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Title: Conned out of £4,000

Date: 25 February 2015

I have just lost £4000.00 because I fell for a scam email when looking to buy a used bike. I received an email saying my money would be held in a secure PayPal account until delivery. The email looked so genuine and had a link attached to enable online chat to "PayPal". Of course I wasn't chatting to PayPal but the conman who tricked me into transferring £4000.00 to him. I feel so stupid and silly, my bank doesn’t want to help and say they can't do anything. I have referred this to the Action Fraud Police, is there anything else I can do to get my money back?

Anonymous

This is not the first case I have heard like this and unfortunately there is very little you can do from a legal perspective.

Had you used a credit card to make a direct payment then you could potentially have reclaimed the money from the credit card provider under Section 75 of the Consumer Credit Act 1974. Debit cards do not enjoy the same protection, though some banks subscribe to a voluntary scheme called ‘Chargeback’ which is similar, though subject to each participating bank’s own rules.

However, because you used an intermediary (Paypal) to transfer the money neither of the above applies because the bank would argue that they did not have a direct relationship with the supplier.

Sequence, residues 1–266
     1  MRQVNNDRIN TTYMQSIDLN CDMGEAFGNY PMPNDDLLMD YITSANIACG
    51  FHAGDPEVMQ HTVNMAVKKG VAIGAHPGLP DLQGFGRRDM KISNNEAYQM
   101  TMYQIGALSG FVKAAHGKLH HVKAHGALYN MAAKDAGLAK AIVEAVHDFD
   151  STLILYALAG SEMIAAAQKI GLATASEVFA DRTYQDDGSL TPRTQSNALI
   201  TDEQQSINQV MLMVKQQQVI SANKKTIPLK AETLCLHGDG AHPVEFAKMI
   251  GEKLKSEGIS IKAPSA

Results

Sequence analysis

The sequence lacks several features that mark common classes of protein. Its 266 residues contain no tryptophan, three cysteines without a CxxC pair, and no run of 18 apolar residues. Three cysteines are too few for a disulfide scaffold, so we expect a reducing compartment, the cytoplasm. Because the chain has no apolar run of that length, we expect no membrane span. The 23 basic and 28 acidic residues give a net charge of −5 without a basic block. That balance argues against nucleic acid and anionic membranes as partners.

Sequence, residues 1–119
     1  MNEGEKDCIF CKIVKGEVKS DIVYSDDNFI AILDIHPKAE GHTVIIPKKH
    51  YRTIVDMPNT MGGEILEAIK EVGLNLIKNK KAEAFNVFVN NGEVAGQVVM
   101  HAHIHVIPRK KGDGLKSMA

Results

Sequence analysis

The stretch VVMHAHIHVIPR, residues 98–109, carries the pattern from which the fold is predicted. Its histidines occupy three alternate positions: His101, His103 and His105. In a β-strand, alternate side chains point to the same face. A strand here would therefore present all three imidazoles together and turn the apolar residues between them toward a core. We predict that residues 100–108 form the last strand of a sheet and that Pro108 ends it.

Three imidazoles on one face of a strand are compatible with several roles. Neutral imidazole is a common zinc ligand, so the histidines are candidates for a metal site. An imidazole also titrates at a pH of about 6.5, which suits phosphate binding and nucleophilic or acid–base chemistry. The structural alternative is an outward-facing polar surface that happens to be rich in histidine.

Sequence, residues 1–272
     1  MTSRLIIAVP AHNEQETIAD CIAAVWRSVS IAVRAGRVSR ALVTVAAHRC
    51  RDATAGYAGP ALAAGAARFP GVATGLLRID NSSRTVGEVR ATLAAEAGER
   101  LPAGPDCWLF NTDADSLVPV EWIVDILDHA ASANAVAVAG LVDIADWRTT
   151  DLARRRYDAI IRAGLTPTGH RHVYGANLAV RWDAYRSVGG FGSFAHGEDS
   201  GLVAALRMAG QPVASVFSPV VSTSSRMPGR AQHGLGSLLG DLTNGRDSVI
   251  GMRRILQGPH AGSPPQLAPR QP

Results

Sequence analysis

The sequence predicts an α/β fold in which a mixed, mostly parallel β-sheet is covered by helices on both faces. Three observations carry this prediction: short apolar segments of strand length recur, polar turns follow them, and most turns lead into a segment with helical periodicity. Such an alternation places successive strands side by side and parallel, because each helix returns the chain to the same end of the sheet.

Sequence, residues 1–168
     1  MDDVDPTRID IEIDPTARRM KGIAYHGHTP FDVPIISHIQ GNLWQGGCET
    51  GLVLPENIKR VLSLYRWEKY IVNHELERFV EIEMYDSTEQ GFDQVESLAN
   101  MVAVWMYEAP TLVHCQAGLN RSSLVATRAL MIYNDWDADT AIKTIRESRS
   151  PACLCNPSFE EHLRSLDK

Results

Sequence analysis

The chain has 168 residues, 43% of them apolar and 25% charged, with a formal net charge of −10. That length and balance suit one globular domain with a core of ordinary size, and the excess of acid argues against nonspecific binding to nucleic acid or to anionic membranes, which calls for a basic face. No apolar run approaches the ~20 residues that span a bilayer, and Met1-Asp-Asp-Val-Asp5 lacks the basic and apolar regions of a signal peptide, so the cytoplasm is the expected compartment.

In terms of a potential civil case it may well be that the fraudster is not resident in the UK and used disposable accounts to take your money. On that basis it would be very difficult to identify him and, even if you did, he may not have sufficient assets to satisfy any claim brought against him. The costs of doing so would likely far outweigh the potential benefit. That said, see if the police track him down to this country and it could then be worthwhile pursuing him.

Finally, while some online scams can be identified by poor spelling, odd phrasing or a lack of knowledge, the more technically astute, like the one you have been subject to, avoid these pitfalls and utilise copies of familiar and trusted websites to lure you into a false sense of security. On that basis, in practical terms, if you have any doubt I would recommend exercising caution and conducting research before committing to buying a bike online.

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